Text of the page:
capitulation capitulation  /kə ˌpɪ tʃə ˈleɪ ʃən/


  1. (n) a document containing the terms of surrender
  2. (n) a summary that enumerates the main parts of a topic
  3. (n) the act of surrendering (usually under agreed conditions)



  1. It's a total capitulation to special interests! Keep going.
  2. Many in the media world quickly criticized the move as a capitulation to government pressure that could scare off future sources.
  3. After Mussolini's fall and Italy's capitulation in 1943, it was only a question of time before opportunism would collect its due.



  1. "If true, this capitulation by Democrats following months of Republican pressure is a big victory for Americans struggling with record gasoline prices," said House GOP leader John Boehner of Ohio.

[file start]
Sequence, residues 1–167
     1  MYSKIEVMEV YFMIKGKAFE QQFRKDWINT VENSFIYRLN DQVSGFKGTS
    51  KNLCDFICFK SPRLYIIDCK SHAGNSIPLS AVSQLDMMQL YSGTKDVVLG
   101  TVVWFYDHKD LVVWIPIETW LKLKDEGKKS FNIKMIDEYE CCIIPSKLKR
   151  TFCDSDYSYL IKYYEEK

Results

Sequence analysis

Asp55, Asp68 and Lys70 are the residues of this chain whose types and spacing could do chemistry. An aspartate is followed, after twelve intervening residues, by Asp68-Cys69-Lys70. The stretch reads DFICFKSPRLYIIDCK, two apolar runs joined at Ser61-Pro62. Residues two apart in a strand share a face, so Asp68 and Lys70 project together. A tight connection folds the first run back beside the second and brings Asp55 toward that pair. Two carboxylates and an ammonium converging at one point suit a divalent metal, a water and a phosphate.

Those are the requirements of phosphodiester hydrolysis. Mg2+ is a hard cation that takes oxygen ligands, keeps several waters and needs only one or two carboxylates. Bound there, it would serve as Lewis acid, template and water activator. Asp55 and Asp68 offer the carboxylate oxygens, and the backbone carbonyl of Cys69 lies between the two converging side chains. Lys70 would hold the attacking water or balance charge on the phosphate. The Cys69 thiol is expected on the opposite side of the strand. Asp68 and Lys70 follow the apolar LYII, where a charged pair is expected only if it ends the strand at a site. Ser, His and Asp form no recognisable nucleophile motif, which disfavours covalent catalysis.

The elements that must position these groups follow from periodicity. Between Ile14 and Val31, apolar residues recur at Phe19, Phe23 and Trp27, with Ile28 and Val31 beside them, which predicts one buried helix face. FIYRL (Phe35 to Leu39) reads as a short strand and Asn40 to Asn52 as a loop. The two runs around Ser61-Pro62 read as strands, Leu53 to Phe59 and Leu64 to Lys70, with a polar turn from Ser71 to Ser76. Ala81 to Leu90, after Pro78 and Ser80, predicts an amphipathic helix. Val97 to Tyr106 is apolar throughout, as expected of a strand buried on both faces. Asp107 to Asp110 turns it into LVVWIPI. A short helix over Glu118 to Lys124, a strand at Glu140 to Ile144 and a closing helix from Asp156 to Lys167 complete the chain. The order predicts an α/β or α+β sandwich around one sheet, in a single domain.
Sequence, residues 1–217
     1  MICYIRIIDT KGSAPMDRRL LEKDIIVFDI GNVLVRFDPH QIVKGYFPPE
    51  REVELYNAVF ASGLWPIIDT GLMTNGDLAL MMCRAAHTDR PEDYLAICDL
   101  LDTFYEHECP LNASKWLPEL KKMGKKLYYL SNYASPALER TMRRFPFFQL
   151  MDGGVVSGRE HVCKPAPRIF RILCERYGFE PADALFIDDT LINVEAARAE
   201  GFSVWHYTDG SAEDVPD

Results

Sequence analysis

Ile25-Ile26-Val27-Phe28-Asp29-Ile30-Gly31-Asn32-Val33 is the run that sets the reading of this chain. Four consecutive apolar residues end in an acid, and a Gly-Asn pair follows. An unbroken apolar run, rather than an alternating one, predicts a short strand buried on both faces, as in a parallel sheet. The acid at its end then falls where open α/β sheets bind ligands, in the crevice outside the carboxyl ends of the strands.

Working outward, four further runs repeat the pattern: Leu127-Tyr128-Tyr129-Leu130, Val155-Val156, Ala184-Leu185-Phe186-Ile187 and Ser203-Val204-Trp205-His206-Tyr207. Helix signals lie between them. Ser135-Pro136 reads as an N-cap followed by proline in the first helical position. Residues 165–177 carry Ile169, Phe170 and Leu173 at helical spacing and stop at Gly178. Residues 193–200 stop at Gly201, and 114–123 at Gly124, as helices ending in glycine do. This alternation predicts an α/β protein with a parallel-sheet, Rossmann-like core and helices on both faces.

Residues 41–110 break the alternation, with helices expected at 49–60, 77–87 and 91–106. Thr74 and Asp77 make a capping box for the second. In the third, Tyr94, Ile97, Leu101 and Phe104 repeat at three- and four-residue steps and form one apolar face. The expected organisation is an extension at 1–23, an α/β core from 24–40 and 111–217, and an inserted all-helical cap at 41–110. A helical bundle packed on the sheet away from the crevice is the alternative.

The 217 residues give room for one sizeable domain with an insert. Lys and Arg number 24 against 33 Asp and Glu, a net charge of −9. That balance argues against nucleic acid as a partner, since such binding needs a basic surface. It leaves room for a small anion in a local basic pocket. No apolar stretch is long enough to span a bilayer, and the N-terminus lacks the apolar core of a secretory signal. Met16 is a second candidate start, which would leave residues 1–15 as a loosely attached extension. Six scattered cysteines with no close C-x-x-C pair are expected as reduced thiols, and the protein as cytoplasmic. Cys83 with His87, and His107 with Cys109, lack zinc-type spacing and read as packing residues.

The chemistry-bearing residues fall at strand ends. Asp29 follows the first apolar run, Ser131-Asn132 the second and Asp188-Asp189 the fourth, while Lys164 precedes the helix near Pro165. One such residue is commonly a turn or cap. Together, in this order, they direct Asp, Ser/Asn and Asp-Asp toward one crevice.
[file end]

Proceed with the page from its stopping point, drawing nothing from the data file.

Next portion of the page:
on Sep 23, 2008 By: John Boehner Source: FOXNews

  2. Sen. Russ Feingold, D-Wis., said: "The proposed FISA deal is not a compromise; it is a capitulation."
    on Jun 19, 2008 By: Russ Feingold Source: FOXNews

  3. "He wants to force lawmakers to remain in Springfield indefinitely, with the hope that this effective imprisonment will force members to the point of exhaustion and capitulation to his will," Madigan wrote in a letter sent to lawmakers Monday...
    on Sep 25, 2007 By: Michael Madigan Source: Northwest Herald

Word of the Day
repudiate repudiate
/ri ˈpju di ˌeɪt /